In what could be a turning point in Syria's six years of war, a nationwide ceasefire appears to be holding.
Previous ceasefires, including two this year, have collapsed within weeks. But Syrians Circa spoke with say they're hopeful this latest deal will last.
"As Syrians, we don't trust the regime. They used to bomb the civilians every time there were ceasefire," Bakri Zeneldeen, an activist in Idlib, told Circa.
But still, [this ceasefire] is a chance to save the lives.
Despite his reservations, Zeneldeen cautiously welcomed the deal.
Peace talks in Kazakhstan
The deal agreed to by the Assad regime and the opposition was brokered by Russia and Turkey on Thursday, and officially took effect Friday morning.
If it holds, Kazakh President Nursultan Nazarbaev says his country will host a new round of peace talks.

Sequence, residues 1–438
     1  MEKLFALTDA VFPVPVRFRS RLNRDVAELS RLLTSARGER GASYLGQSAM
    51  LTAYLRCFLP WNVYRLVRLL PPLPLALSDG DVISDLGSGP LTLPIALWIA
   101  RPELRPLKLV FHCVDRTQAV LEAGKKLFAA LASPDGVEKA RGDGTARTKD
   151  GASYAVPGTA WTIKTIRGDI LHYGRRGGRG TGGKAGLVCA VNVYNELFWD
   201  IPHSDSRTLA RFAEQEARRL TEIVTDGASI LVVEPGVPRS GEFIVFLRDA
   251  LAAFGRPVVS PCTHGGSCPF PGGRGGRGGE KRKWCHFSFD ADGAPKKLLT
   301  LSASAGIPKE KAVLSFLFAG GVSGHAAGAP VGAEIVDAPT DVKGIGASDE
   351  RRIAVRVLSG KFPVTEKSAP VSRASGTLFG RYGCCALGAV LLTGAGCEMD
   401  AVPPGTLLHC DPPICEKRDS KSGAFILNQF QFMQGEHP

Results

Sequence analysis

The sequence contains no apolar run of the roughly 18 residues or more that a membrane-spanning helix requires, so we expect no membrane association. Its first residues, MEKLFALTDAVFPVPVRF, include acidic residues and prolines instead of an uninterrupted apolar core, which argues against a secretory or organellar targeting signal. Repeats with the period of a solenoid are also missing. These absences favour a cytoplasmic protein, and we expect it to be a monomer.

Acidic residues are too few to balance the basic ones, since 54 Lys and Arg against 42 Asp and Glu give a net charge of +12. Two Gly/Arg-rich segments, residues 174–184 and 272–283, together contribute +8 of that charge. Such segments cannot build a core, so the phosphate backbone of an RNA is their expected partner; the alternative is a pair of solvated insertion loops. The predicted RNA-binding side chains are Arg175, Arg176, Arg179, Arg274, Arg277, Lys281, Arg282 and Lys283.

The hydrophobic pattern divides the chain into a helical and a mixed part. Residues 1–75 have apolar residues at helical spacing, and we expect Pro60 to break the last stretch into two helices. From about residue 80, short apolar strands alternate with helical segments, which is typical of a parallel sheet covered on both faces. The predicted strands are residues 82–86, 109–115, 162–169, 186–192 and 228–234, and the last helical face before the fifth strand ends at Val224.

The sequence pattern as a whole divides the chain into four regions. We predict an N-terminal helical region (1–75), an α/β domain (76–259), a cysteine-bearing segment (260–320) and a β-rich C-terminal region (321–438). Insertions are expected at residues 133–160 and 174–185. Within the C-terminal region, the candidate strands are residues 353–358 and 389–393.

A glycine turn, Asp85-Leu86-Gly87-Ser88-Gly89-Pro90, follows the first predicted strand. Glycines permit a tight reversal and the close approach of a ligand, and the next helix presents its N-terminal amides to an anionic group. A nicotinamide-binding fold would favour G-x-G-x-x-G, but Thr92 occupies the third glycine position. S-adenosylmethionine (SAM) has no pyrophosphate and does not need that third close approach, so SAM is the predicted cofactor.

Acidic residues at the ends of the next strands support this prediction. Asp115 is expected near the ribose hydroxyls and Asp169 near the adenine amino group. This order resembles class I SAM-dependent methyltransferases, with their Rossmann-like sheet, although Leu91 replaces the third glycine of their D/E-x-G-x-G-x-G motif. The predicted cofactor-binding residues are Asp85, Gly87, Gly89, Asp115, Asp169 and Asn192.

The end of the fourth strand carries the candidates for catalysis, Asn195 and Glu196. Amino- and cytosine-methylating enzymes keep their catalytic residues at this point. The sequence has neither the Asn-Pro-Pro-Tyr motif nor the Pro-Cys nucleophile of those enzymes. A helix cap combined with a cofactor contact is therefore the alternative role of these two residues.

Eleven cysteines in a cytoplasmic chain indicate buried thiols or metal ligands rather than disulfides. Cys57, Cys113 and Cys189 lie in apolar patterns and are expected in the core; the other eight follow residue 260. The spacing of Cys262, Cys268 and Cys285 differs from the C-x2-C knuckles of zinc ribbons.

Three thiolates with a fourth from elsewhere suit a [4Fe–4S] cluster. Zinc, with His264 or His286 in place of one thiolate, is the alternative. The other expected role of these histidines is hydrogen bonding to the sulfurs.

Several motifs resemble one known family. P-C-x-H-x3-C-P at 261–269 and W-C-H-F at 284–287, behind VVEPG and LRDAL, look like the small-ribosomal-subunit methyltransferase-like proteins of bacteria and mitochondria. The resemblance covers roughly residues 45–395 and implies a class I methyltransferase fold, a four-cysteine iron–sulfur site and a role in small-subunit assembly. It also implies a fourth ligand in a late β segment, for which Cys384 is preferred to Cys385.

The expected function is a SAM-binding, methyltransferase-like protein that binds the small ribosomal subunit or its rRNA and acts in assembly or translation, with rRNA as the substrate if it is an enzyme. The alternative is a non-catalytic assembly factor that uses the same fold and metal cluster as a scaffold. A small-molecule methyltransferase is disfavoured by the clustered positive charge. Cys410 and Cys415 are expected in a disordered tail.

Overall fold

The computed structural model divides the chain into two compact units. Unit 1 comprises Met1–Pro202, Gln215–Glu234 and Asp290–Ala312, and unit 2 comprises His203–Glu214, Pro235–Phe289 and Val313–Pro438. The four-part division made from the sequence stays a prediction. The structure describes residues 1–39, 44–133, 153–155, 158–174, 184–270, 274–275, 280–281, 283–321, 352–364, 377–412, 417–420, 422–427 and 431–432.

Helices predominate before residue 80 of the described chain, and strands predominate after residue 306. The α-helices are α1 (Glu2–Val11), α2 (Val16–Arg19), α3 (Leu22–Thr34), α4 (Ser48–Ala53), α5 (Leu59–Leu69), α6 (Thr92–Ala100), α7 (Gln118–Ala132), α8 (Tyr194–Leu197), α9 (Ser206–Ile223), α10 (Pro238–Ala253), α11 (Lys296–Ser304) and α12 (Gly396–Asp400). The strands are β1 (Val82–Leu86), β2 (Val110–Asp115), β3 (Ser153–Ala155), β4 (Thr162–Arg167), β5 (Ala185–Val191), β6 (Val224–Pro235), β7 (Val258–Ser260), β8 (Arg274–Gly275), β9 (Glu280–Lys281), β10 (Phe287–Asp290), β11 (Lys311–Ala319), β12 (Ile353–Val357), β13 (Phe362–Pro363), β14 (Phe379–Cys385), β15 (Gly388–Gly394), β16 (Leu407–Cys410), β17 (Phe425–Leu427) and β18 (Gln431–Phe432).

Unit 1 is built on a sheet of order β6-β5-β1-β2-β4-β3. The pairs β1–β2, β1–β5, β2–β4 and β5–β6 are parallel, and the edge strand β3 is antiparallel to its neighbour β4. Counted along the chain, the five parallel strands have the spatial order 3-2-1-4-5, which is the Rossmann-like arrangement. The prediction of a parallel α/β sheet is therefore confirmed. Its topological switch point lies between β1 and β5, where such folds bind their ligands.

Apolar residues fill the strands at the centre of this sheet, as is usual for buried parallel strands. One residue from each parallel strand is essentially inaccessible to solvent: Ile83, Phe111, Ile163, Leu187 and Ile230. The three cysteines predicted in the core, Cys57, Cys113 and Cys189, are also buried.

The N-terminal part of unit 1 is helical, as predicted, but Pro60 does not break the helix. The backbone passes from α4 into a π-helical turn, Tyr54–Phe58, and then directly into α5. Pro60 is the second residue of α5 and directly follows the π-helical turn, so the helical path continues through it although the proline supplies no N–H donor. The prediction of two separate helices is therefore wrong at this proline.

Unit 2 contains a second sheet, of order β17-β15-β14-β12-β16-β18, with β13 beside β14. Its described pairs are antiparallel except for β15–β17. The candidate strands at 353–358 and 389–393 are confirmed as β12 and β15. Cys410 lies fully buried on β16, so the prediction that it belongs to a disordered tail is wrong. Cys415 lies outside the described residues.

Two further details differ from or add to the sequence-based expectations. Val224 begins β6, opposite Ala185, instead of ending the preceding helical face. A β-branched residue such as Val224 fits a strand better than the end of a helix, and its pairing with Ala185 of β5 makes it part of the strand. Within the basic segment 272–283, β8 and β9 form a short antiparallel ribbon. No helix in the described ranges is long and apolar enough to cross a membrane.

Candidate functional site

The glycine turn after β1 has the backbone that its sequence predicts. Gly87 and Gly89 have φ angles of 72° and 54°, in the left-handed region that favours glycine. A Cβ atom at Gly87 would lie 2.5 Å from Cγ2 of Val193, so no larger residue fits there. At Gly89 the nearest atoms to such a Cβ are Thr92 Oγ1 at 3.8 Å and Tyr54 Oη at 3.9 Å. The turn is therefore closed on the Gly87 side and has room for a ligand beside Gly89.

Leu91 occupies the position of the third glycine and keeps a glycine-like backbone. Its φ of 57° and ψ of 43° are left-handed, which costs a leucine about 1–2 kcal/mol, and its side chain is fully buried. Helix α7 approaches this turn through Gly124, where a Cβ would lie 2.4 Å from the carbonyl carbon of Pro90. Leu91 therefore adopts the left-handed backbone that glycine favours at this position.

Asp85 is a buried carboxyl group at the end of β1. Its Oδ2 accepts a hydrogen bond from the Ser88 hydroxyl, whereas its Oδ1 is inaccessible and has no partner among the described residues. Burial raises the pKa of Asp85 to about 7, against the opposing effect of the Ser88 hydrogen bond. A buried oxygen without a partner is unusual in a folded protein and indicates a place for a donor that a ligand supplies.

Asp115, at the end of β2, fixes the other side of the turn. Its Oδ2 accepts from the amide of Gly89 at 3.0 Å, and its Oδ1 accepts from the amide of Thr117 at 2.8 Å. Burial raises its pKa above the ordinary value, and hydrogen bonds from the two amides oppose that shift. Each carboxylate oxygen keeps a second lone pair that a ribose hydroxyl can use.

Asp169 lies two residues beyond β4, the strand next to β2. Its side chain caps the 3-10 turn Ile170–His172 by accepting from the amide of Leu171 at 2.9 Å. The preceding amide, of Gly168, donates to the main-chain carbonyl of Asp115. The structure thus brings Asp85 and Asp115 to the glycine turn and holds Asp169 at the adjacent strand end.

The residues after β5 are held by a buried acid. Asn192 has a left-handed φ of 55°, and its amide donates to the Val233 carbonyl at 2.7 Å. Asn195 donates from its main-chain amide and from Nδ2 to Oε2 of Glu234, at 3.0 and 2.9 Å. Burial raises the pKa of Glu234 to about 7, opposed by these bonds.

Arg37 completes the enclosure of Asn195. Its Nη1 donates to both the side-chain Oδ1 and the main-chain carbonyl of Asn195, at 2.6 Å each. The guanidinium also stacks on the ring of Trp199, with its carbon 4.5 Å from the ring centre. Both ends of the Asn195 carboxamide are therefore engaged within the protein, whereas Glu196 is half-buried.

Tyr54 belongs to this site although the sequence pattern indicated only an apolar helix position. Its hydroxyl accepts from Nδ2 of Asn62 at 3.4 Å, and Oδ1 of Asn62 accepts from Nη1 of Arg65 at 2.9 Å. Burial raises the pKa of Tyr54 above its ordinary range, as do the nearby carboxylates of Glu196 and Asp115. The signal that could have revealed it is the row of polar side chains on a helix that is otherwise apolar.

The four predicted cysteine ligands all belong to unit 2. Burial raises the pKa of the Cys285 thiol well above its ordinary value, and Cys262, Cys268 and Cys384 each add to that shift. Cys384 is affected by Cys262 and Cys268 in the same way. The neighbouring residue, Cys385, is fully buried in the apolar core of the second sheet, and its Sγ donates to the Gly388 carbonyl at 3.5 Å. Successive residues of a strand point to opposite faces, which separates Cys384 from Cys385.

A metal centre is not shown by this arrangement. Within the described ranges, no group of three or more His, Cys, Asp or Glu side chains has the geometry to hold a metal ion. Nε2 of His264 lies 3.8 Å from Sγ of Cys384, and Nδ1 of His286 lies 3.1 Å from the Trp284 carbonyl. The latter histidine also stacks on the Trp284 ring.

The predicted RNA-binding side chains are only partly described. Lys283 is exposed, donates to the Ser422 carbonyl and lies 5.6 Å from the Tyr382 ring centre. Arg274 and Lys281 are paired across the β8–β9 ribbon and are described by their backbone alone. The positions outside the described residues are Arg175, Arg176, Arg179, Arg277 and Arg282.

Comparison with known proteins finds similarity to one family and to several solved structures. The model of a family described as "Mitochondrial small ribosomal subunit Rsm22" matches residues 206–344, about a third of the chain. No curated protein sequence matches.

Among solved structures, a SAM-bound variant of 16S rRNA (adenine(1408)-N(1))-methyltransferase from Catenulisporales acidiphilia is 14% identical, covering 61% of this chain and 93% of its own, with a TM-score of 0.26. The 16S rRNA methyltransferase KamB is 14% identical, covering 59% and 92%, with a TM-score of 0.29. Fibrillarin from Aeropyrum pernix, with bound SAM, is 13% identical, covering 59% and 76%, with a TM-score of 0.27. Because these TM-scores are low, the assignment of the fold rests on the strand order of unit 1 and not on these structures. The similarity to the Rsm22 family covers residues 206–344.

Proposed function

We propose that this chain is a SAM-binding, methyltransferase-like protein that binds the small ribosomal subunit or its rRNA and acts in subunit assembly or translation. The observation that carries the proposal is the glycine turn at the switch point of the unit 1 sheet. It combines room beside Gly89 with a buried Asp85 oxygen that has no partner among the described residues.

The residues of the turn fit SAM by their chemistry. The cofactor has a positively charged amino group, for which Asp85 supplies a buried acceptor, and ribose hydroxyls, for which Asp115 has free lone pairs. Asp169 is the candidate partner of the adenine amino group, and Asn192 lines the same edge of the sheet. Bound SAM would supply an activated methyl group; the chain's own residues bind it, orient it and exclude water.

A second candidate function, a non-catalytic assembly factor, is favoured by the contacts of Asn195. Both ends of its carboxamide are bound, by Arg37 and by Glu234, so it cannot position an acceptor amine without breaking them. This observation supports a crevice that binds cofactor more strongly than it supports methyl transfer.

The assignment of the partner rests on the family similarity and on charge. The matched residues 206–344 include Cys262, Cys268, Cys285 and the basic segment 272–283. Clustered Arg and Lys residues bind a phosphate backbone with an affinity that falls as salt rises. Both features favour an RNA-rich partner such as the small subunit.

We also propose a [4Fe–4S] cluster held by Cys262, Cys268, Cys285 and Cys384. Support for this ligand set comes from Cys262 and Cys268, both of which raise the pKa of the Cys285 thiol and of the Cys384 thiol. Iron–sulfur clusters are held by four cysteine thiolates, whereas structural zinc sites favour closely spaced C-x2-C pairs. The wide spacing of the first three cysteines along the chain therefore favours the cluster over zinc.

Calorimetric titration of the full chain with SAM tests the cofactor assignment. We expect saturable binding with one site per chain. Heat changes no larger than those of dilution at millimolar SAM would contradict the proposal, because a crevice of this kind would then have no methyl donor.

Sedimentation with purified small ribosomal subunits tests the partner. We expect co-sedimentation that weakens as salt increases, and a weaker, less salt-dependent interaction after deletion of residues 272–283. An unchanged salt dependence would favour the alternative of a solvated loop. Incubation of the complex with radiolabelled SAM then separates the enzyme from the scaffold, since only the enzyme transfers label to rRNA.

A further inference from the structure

The United States, which was not party to the agreement, called the ceasefire a "positive development."
This time seems hopeful. It's different.
Freelance journalist Zouhir Al Shimale told Circa via text message he was skeptical, given previous experiences, whether the various parties will stick to the terms of the ceasefire.
I hope the ceasefire will be real and will stand.
"For now, yes," Dr. Tennari, an Idlib-based doctor said, when asked if he thought the ceasefire will hold.
Rebels lose Aleppo stronghold
Syrian dictator Bashar al-Assad agreed to the ceasefire following his recent victory in Aleppo.
Earlier this month, forces opposing al-Assad's government lost control of eastern Aleppo, their last urban stronghold in the country.
An evacuation deal allowed many of the rebels and tens of thousands of civilians to leave the city.
WATCH | Many fled to rebel-controlled Idlib province. U.N. Special Envoy Staffan de Mistura warned that Idlib "could be in theory the next Aleppo."